A long-term (1962 to 1990) forest biogeochemistry study in the southeastern Piedmont of the USA provided estimates of soil K release in response to forest regrowth. We investigated the sources of soil K that buffered the exchangeable K pools during forest growth and we estimated soil K release rates through greenhouse and acid extraction studies for comparison to our field estimate.
In these acid Kanhapludults, derived from granitic-gneiss, the disparity between measured depletions of soil exchangeable K and estimated forest removals indicated a buffering of exchangeable K on the order of 0.31 kmolc ha-1 per year. Non-exchangeable K extracted by boiling with 1 M HNO3 exceeded exchangeable K by up to 40-fold. Non-exchangeable K was not depleted during the three decades of stand growth, however, thus was not the long-term source of exchangeable K buffering. Total K in these soils ranged from 0.4 to 3.8% by weight. Mineralogical data indicated a presence of hydroxy-interlayered vermiculite throughout the upper 4 m of soil for <2 µm clay fraction and a presence of micaceous minerals in the 2 to 45 µm silt fraction. XRD analysis of micaceous flakes extracted from 4 to 8 m in the soil indicated a presence of muscovite mica.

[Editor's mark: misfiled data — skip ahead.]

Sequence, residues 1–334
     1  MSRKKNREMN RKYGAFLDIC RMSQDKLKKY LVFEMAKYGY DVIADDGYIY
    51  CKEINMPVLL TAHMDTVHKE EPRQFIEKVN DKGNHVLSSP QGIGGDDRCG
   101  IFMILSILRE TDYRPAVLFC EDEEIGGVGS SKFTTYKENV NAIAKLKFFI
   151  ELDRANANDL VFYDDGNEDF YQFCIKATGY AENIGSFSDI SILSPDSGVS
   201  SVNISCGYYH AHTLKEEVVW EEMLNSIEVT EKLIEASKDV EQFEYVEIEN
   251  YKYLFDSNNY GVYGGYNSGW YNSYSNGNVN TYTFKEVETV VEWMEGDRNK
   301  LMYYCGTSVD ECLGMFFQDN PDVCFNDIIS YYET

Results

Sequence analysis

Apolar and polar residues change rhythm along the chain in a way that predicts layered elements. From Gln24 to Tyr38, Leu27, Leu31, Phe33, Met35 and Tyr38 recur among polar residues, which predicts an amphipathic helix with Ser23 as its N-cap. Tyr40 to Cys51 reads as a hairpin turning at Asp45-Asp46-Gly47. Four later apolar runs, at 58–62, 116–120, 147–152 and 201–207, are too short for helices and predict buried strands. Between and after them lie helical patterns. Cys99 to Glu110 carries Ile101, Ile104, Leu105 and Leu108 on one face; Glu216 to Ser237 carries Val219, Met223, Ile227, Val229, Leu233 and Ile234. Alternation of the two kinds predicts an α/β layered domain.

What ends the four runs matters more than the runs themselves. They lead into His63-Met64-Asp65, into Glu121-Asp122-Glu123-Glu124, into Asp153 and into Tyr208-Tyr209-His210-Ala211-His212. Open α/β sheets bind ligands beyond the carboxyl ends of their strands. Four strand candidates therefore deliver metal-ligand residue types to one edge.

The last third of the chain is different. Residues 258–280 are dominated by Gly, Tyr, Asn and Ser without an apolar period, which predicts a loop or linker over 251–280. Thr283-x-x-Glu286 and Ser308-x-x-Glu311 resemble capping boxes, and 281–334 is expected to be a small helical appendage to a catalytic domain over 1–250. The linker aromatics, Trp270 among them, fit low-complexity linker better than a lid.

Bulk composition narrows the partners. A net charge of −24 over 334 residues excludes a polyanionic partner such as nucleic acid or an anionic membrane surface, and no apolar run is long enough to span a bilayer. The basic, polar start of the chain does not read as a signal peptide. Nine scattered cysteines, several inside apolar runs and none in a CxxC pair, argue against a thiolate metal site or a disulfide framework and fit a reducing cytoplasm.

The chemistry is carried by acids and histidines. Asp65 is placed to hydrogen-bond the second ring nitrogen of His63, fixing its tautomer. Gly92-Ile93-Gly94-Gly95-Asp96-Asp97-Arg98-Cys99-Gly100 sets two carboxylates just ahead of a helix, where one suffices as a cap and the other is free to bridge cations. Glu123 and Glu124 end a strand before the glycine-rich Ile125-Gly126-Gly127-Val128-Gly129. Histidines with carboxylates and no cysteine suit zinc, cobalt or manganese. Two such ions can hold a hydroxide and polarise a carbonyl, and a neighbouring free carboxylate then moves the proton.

Estimated K releases in the greenhouse and extraction studies were generally consistent with long-term results. The accumulation of K during two rotations of pine seedling growth in the greenhouse exceeded the measured depletions in exchangeable and non-exchangeable K over all soil depths tested by 0.007 to 0.026 cmolc kg-1. Potassium removal by sequential extraction/incubations with 1 mM HCl and 1 mM oxalic acid continued through 24 extractions and K recovered in extract solutions exceeded the sum of depletions in exchangeable and non-exchangeable K pools by 0.001 to 0.028 cmolc kg-1. These excess removals in plant uptake or solution recovery indicate a release of mineral K. Thirty-day extractions with H+-resins in both 1 mM HCl and 1 mM oxalic acid were well fit by the Elovich equation but were not well correlated with plant K uptake in the greenhouse study. The release rate coefficients ranged from 0.012 to 0.025(cmolc kg-1) h-1.
Extrapolations to annual releases of K in the greenhouse and sequential extraction studies were a similar order of magnitude as long-term releases estimated at the long-term Calhoun plots. Surface soil (0 to 15 cm) releases ranged from 0.15 to 0.65 kmolc ha-1per year while deeper soils ranged up to 1.54 kmolc ha-1per year. Results indicate that soils similar to those at Calhoun that contain a similar micaceous and HIV component will be able to supply K at rates adequate to keep pace with demands of forest regrowth even under intensive forest management.
Markewitz, Daniel, Daniel D.Richter (2000): Long-term soil potassium availability from a Kanhapludult to an aggrading loblolly pine ecosystem. Forest Ecology and Management 130 (1-3): 109-129.